Today, the Federal Energy Regulatory Commission (FERC) issued a notice of proposed rulemaking (NOPR) detailing the proposed interconnection reforms the Commission would like to adopt in order to clear interconnection backlogs and speed clean energy deployment.
The proposed rules closely follow joint recommendations that SEIA and its partners submitted in February 2022 on interconnection reform. SEIA recently explained and expanded on these comments in an interconnection white paper it released earlier this week.
FERC revealed a number of meaningful proposals, including:
- Firm deadlines for utilities conducting interconnection studies;
- New interconnection study processes that will simultaneously study the impact of a number of projects trying to connect to the grid, also known as a standard cluster study;
- Studies based on actual operating conditions for renewable energy generators; and
- Transparent and standard affected systems study processes.
Following is a statement from Ben Norris, senior director of regulatory affairs at SEIA on the development:
“We are excited to see the Federal Energy Regulatory Commission (FERC) take bold action to clear interconnection queues across the country, which have swelled to more than a terawatt of generation and storage projects. SEIA has long advocated for changes to the interconnection process, and we are pleased to see that FERC followed many of SEIA’s recommendations.
“Interconnection challenges have been simmering below the surface for years and remain one of the biggest impediments to meeting our state and federal clean energy goals today. We commend FERC for putting this issue front and center and taking action before it’s too late.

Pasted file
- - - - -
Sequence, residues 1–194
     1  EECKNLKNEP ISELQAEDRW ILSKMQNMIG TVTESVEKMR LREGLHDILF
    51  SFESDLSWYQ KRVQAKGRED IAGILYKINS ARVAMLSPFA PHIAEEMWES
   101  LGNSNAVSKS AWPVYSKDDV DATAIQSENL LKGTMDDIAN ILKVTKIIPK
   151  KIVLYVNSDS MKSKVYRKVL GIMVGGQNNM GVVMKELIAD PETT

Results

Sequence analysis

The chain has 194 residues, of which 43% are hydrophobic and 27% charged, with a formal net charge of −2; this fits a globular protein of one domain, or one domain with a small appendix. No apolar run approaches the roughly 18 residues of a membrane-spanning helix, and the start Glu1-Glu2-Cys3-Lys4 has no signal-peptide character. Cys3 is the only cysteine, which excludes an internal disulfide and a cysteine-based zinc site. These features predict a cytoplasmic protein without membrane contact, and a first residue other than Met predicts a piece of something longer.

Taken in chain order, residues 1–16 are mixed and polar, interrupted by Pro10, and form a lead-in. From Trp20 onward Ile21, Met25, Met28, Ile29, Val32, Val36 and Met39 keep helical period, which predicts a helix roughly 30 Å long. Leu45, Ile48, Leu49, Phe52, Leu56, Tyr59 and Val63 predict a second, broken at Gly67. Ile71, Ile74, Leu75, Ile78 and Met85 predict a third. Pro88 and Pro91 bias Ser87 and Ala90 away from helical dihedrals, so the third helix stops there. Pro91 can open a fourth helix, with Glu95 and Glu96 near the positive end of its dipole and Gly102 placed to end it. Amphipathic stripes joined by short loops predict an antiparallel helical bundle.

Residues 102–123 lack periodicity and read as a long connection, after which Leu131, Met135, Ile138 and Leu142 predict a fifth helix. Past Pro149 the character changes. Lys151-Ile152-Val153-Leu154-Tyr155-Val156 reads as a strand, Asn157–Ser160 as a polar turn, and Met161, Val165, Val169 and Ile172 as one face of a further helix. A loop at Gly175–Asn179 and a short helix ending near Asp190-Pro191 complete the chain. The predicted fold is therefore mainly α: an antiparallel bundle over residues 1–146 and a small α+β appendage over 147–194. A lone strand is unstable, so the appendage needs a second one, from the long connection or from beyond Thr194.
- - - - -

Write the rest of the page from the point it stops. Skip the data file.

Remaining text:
“The most significant part of these reforms is the built-in accountability for utilities. For years, utilities have been dragging their feet on interconnection, and this rulemaking would implement deadlines for completing interconnection studies and create penalties for utility inaction. This will add more predictability and transparency to the process, and greatly speed review times. We also believe that the cluster studies, affected system study changes, and a more realistic look at operating conditions for renewable energy generators will significantly improve the interconnection process.
“All of these proposed reforms are a significant step forward and will help to greatly improve efficiency and reduce application withdrawals. They will also help to reduce overall project costs and keep lowering the costs of affordable clean energy.
“We look forward to supporting these recommendations and continuing to work with FERC on the many opportunities they have to improve both distribution and transmission level interconnection,” he continued.
News item from SEIA